October 11, 2011 in Nation/World

Republicans starting to pile on Romney

Associated Press
 
Associated Press photo

Republican presidential candidate former Massachusetts Gov. Mitt Romney speaks at the Values Voter Summit in Washington on Saturday.
(Full-size photo)

Christie to endorse Romney
New Jersey Gov. Chris Christie is endorsing Mitt Romney for the GOP presidential nomination, Romney’s campaign said today.


Romney and Christie will hold an event today in New Hampshire ahead of the presidential debate set at Hanover, N.H., where Christie will announce his support, the campaign said.

Christie had been considering a presidential run in 2012. He decided last week not to mount a campaign.

Christie’s financial supporters had been waiting for him to decide before backing a different candidate. The New Jersey governor’s endorsement will send much of that cash to Romney. Romney also stands to benefit from the budget-cutting Christie’s ties to the tea party, a group of voters that Romney has struggled to win over.

Giuliani won’t run in 2012
Rudy Giuliani says he won’t be a candidate for president next year.


The Republican former New York mayor told a gathering of Long Island business executives today that it’s too late for him to join the field of candidates competing to challenge President Barack Obama.

Giuliani sought the GOP nomination in 2008 but dropped out early. One of his rivals that year was former Massachusetts Gov. Mitt Romney, the party’s frontrunner this time.

Giuliani says Romney appeals to the party’s head while Texas Gov. Rick Perry appeals to its heart. Giuliani says that Romney’s shifts on issues like abortion, gay marriage and universal health care will probably be a problem for him in the campaign.

Giuliani’s announcement was first reported by Politico.

HANOVER, N.H. — With eyes on Mitt Romney, his rivals for the Republican presidential nomination prepared for what could be one of their last chances to level a devastating blow to the former Massachusetts governor on his home turf.

Health care, the environment and immigration all were ripe targets for Romney’s rivals and they hinted they were primed to contrast their records with his ahead of this evening’s debate, which will be aired live at 5 p.m. PDT by Bloomberg TV. With time ticking down for them to derail Romney’s presidential campaign, the criticism was expected to take on a stronger tone.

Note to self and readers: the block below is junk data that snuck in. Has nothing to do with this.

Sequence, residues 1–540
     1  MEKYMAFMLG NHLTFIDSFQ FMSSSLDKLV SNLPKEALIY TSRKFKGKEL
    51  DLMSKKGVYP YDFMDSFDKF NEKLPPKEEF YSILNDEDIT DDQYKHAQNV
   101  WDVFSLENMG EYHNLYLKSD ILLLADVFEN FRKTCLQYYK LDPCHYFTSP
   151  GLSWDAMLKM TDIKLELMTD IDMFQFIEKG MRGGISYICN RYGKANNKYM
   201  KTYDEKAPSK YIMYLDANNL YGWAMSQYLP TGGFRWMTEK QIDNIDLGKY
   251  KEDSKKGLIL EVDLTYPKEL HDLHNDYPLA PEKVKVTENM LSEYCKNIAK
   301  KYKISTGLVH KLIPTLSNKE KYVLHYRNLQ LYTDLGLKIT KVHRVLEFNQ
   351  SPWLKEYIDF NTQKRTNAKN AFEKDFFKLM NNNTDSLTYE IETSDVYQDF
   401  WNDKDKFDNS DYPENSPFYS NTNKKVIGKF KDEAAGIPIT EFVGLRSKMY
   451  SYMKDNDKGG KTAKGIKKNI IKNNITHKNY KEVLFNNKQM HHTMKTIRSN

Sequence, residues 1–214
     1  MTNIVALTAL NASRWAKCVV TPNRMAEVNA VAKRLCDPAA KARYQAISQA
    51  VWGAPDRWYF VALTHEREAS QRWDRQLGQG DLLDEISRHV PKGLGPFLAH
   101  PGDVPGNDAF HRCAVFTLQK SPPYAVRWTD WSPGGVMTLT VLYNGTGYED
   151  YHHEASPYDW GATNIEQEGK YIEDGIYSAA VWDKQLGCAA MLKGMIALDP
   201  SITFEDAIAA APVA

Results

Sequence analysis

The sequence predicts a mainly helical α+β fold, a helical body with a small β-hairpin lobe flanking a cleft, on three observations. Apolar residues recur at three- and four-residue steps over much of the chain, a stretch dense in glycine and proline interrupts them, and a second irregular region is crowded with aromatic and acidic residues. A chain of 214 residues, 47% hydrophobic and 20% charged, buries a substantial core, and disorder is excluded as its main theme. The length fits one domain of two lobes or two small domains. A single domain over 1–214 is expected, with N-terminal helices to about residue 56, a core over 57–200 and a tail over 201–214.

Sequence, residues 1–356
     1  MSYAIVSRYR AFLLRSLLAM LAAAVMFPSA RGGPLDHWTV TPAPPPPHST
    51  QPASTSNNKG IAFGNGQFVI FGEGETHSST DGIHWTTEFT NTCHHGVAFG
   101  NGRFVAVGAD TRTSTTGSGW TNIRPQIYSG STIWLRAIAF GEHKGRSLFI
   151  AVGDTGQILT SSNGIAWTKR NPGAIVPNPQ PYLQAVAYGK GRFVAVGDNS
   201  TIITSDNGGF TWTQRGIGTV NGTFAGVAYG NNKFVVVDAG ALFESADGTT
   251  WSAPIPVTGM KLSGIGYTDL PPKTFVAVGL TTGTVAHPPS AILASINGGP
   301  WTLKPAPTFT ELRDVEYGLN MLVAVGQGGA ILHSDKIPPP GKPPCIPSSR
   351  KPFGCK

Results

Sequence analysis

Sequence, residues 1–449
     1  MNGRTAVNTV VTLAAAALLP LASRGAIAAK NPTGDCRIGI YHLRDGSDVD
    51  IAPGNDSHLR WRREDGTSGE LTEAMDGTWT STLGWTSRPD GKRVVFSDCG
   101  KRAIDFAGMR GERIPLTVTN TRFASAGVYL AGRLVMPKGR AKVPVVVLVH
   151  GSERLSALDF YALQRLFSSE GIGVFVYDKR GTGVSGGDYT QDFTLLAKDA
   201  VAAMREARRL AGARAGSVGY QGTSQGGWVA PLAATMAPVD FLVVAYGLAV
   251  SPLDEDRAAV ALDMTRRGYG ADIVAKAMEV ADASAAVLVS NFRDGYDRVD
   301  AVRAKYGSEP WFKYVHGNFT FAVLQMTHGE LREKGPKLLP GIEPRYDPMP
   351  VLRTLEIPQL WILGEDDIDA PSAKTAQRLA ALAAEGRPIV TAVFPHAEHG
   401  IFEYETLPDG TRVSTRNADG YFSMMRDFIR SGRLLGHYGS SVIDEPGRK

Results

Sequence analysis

“Gov. Romney personally insisted the government mandate requiring private citizens to buy health insurance be included in his Massachusetts government health care law,” said Mark Miner, a spokesman for Texas Gov. Rick Perry, seizing on conservatives’ disdain for Massachusetts’ mandate.

“It is becoming more and more clear that I am the only tried and true conservative running for president in 2012,” former Sen. Rick Santorum of Pennsylvania told supporters ahead of the forum at Dartmouth College.

With the Republican presidential race moving closer to the first contests, scheduled around New Year’s Day, the candidates are turning to a scattershot effort to deny Romney the nomination by any means necessary. They are using his reversals on abortion and gay rights, his support for environmental policies and even his character.

His rivals hope that, when taken together, it could be enough to stop his second presidential bid. Romney has a comfortable lead in New Hampshire polling after virtually camping out in the state since his 2008 loss and building a strong statewide campaign network.

The debate was designed to be on the economy — voters’ top concern in a nation that recorded 9.1 percent unemployment last month — but there was scant chance Romney would be able to dodge questions about his record.

The criticism so far, though, has not thrown Romney off pace. Nothing, to this point, has started an exodus among his supporters. And time is running short for Romney’s rivals to make that happen.

While New Hampshire has yet to schedule its primary, it is likely to come before mid-January. That means there are fewer than 100 days for the newcomers to make inroads in New Hampshire, a state where Romney is well known, owns a vacation home and won a second-place finish in his 2008 presidential bid.

Looking to soften the criticism, Romney’s campaign announced that New Jersey Gov. Chris Christie was endorsing Romney. Christie, a conservative darling who had weighed a presidential bid of his own, was considered a top endorsement. Romney’s team hoped it would cement his standing and planned an afternoon photo opportunity with the two leaders.

Former Utah Gov. Jon Huntsman, businessman Herman Cain, Rep. Ron Paul of Texas and former House Speaker Newt Gingrich were also set to join the debate.

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